The movie, which tells the story of a paralysed millionaire and his young, live-in carer, has shattered box office records around the world since its release earlier this year (12) and will now receive an award from the Christopher & Dana Reeve Foundation for its compelling subject matter.
Movie mogul Harvey Weinstein will accept the Dana Reeve Hope Award on behalf of the film's two directors, Eric Toledano and Olivier Nakache, at a fundraising gala in New York in November (12).
Peter T. Wilderotter, president and CEO of the Reeve Foundation, says in a statement, "The Dana Reeve Hope Award is presented to a person or organisation that has shown amazing grace, strength and fortitude... It is only fitting that we honour The Intouchables for touching audiences worldwide and reminding us of the commonalities shared between all of us, no matter the circumstances."
Weinstein adds, "Christopher and Dana Reeve have bettered the lives of millions, and the fact that this film is the first ever to be honoured by them shows us how the film's true story touches the hearts of so many like it did ours."
Superman star Reeve was paralysed in a horse-riding accident in 1995 and his wife, Dana, helped care for him until his death in 2004. Dana died of lung cancer two years later (06).
Olivier Nakache and Eric Toledano's film has grossed $7.11 million (£4.4 million) since its release in just four theatres in May (12), and, as the movie expands nationwide, it has already sailed past the $7.09 million (£4.9 million) earned by acclaimed Iranian film A Separation, which won almost every Best Foreign Film prize during the most recent awards season, which culminated with the Academy Awards.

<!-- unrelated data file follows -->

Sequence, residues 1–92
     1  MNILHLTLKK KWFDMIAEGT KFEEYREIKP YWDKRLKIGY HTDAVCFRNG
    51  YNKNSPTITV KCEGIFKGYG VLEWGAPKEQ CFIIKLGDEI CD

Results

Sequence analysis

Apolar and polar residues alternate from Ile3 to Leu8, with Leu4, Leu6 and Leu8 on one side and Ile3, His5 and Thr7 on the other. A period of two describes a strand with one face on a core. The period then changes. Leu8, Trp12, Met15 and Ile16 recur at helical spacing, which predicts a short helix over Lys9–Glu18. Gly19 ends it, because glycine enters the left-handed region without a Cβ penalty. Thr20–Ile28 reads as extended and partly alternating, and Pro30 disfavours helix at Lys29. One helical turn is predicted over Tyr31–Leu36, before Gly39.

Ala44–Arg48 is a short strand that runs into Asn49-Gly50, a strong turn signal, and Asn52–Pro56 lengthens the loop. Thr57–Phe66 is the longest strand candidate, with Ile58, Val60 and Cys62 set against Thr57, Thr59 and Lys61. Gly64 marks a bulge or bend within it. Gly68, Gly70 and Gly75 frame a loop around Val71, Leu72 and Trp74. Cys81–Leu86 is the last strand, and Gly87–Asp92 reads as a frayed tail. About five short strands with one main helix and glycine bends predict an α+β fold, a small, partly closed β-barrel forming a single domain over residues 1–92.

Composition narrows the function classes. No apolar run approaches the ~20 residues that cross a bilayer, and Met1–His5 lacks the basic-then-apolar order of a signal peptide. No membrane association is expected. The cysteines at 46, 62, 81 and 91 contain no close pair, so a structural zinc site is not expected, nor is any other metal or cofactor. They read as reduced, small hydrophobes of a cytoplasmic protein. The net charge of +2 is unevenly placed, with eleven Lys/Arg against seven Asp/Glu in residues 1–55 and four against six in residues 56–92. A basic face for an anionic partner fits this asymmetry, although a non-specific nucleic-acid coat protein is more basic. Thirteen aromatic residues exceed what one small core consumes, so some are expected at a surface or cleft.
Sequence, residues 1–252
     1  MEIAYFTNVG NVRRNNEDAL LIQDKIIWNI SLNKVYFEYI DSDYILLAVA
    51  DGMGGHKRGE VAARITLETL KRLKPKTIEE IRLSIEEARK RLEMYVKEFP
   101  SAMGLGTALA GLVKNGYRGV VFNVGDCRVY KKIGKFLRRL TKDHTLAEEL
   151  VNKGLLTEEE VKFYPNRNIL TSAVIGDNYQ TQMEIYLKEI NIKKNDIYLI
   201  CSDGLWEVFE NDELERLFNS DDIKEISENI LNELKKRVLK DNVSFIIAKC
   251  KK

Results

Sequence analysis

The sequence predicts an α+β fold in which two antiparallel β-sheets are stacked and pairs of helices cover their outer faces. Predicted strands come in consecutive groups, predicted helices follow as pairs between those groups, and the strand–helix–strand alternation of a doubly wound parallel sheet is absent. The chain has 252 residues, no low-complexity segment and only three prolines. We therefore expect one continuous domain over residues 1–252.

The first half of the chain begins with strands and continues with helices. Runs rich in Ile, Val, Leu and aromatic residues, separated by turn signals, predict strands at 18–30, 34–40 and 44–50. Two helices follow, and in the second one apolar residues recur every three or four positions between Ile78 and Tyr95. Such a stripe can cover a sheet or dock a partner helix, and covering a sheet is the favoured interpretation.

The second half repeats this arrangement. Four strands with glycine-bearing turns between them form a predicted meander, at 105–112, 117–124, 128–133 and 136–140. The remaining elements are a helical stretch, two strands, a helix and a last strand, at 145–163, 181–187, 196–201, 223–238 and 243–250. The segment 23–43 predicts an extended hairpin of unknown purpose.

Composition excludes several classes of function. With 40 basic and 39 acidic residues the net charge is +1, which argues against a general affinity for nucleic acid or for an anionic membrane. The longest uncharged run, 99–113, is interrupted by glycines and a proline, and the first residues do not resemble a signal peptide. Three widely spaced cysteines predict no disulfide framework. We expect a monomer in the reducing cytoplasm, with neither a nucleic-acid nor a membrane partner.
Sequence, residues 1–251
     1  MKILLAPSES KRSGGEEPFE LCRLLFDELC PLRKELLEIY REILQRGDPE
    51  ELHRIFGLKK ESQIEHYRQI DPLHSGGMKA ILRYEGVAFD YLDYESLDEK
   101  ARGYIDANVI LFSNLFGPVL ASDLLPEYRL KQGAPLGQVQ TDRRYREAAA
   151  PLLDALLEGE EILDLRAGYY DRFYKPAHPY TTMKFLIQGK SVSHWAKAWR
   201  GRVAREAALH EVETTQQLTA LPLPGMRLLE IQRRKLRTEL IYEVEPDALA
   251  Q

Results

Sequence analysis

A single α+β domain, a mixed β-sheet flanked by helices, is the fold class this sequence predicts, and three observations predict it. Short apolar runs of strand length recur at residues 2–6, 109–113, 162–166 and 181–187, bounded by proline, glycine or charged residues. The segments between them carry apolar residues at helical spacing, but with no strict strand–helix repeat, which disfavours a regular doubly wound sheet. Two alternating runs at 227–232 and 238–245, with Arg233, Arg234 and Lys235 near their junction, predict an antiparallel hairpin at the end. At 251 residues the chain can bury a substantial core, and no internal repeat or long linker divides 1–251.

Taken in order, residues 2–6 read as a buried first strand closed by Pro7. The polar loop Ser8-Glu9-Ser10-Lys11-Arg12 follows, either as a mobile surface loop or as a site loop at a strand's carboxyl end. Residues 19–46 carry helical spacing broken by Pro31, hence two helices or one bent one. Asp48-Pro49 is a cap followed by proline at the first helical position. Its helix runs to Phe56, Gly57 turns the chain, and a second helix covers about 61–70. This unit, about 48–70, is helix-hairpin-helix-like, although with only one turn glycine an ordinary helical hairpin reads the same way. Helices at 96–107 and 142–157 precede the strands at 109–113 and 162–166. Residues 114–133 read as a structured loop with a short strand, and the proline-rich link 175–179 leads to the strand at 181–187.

The Intouchables has already shattered box office records around the world, grossing a total of $365.1 million (£228.1 million).
Producer Harvey Weinstein, whose The Weinstein Co. is distributing the film in the U.S. and Canada, isn't surprised the film is a big hit: "The best part about the film's success is the fact that a foreign language film is getting its fair turn in the spotlight in this industry. It is movies like this that help us continue to bring smart, entertaining and well-written films that break the mold to theatres everywhere."
The film is the highest grossing French film ever released in Germany and the third most successful French film in France, according to The Hollywood Reporter.
One is understandably wary of a movie like The Intouchables after years of heart-tugging relationships between people of different socioeconomic backgrounds who learn important life lessons from each other. A young man from the projects shows up to interview for a job he's not qualified for merely so he can apply for benefits. The job is to take care of a rich paraplegic who turns out to like the kid's doesn't-give-a-crap style and hires him despite his lack of qualifications. I am guilty of this knee-jerk suspicion although not without reason but I'm always thrilled to be disproven. Thankfully I was very wrong about The Intouchables.